We therefore need to design the feature in a way so that as much code as possible is automatically compatible. For example, many of the string processing functions only borrow references to the original string and don't keep them around after they returned; likewise, many of them return a reference to it. It would be nice if those need as few modifications as possible (ideally none) to take advantage of this fact.
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November 02, 2015
On 11/01/2015 11:09 PM, deadal nix wrote:
> There has been a fair amount of discussion about RC here, but I think it is missing the bigger picture.

I couldn't agree more.



November 02, 2015
On 11/02/2015 07:49 AM, Marc Schütz wrote:
> I can see complexity in three forms:
>
> 1.) Complexity of the concept
>
> A system equivalent to Rust's
[snip]

I don't follow Rust much, but my perception from following the trade news is that since launched it has scored a few victories (an OS project, a safe Doom implementation) but by and large the excitement has subsided after the pre-release excitement gave way to the post-1.0 certainty. The status seems to be - things aren't as great as they were cracked to be. Putting ownership front and center just makes things difficult, often for no good outcome.

(Our dmd downloads dropped strongly after the 1.0 announcement (May 15, 2015), but then they climbed back (http://erdani.com/d/downloads.daily.png).)

Do we have someone following Rust closely?

Let me add that D is already a large language - much larger that "Rust minus ownership"; it is my opinion that adding anything as involved as Rust's ownership to today's D, it will just crumble under its own weight. Of course I'm willing to change this opinion with good arguments and evidence.

> Maybe there is a way to get the same guarantees that Rust provides by
> adding some additional restrictions that would enable both the
> implementation and the concept to be easier to understand? Or attacking
> the problem from a different angle, could we cut back on the guarantees
> (making some corner cases unsafe) to reduce the complexity?

That's my hope. There has been a lot of recent work on reference counting (ARC, Petrank et al, Blackburn et al) that is very very compelling. I also believe we can creatively do new things, too, in addition to integrating such recent work.

> There's also the question whether we want to integrate the related topic
> of uniqueness at the same time.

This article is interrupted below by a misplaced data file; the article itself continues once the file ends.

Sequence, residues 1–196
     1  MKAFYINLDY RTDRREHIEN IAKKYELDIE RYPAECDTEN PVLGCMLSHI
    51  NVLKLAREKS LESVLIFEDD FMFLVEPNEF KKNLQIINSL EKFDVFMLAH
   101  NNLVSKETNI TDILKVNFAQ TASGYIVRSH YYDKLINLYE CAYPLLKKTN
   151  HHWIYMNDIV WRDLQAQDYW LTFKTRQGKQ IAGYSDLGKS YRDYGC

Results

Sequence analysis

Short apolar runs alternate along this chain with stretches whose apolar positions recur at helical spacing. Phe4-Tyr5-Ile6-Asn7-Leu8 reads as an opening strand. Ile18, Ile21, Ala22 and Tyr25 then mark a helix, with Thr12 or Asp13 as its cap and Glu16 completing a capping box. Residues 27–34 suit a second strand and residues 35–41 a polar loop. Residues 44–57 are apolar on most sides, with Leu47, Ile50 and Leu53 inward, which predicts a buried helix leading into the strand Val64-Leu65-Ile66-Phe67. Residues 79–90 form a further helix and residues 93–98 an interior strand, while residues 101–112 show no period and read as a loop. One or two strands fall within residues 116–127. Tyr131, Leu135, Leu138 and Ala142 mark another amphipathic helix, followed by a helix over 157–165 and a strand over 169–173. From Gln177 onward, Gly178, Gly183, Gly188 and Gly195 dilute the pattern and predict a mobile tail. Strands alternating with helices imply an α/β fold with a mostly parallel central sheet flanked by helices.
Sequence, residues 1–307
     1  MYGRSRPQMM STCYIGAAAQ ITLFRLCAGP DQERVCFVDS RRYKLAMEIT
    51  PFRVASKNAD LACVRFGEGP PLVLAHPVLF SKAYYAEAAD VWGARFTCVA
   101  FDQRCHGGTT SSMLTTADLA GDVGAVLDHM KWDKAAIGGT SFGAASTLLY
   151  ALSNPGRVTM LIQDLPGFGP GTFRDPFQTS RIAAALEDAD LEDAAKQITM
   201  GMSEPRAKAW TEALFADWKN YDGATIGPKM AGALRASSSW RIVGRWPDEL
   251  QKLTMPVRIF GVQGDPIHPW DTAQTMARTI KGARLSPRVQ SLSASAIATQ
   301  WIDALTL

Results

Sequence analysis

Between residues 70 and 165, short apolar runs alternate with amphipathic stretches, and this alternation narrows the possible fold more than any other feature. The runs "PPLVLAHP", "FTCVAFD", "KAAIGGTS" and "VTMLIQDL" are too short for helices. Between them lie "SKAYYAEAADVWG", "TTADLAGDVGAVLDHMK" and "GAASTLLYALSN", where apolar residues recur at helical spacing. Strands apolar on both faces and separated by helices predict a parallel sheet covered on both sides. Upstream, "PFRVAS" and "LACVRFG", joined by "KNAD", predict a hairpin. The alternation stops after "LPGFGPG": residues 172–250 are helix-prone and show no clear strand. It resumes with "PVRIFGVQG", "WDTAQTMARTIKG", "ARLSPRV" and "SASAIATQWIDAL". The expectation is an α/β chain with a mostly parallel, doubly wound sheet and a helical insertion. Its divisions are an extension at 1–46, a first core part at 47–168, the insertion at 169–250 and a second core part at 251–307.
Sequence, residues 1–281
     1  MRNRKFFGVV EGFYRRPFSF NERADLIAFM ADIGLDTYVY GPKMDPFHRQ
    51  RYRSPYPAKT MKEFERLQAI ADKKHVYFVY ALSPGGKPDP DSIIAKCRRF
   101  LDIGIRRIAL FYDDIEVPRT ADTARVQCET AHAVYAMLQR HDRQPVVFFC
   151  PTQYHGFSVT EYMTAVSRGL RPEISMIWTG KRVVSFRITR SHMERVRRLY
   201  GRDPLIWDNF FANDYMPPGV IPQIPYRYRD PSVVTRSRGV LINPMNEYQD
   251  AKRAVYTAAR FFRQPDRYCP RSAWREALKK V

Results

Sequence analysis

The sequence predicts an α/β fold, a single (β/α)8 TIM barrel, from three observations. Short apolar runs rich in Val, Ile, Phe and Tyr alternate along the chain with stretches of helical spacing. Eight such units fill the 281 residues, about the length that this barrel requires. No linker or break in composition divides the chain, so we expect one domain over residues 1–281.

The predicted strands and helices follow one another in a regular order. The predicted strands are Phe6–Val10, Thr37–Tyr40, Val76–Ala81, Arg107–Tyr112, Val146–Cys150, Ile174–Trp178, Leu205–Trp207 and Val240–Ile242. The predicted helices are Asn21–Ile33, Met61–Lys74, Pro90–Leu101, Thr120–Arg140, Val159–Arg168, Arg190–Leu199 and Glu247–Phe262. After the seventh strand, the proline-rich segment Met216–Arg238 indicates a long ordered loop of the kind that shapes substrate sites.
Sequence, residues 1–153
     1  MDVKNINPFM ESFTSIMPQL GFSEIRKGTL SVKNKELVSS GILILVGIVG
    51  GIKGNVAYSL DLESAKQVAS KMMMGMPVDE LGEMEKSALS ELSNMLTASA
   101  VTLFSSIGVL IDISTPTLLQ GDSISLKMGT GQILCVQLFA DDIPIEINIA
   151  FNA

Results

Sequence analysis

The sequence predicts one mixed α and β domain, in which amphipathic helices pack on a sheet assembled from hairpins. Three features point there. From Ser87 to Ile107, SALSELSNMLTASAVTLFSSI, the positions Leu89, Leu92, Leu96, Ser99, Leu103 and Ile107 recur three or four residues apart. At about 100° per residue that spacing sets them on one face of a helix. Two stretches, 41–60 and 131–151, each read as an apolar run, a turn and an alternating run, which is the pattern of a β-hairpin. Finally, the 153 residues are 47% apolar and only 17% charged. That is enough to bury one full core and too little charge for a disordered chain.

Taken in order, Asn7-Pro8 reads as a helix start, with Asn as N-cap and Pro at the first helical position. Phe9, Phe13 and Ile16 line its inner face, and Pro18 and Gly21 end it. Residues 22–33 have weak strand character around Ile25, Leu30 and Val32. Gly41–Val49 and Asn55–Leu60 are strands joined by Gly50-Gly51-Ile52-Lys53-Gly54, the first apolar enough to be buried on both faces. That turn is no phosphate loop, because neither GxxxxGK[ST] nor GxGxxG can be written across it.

I'd be fine with some restricted form of uniqueness - e.g. have a "box" that carries a unique value or null, and can be opened only destructively.

Also, there's the dynamic check for uniqueness that can be done with RC.



Andrei
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January 19, 2016
On Monday, 2 November 2015 at 16:03:04 UTC, Andrei Alexandrescu wrote:
> I don't follow Rust much, but my perception from following the trade news is that since launched it has scored a few victories (an OS project, a safe Doom implementation) but by and large the excitement has subsided after the pre-release excitement gave way to the post-1.0 certainty. The status seems to be - things aren't as great as they were cracked to be. Putting ownership front and center just makes things difficult, often for no good outcome.

The Rust devs have made a bunch of braindead design decisions that turned it from a promising systems language into a RAII tutorial for Rubyists. Finalizing those in 1.0 is what drove people away, including me.

That said, lifetime management is the one thing they did exactly right.

The key thing to observe here is that we already have lifetime semantics everywhere, it's just not always checked by the compiler. GC languages get around the issue by extending the unchecked lifetimes to infinity, the problem we have now is that this is incorrect without the GC. We don't need to add extra complexity or runtime overhead to do it right, just keep more information in the compiler and some syntax to talk about it.

In Rust, all object and reference lifetimes are tracked by the compiler, at no runtime cost. You can say "I'm only allocating objects that don't outlive me", and have it checked transitively for all references into those objects. You can say "my lifetime will be the shortest of the constructor arguments" or "my lifetime is independent of them".

Safe RC is almost trivial in Rust, they have both a thread-local `Rc<T>` and an atomic `Arc<T>` in the standard library. It's also very easy to write, say, lifetime-safe glib bindings, where the refcount semantics are documented externally.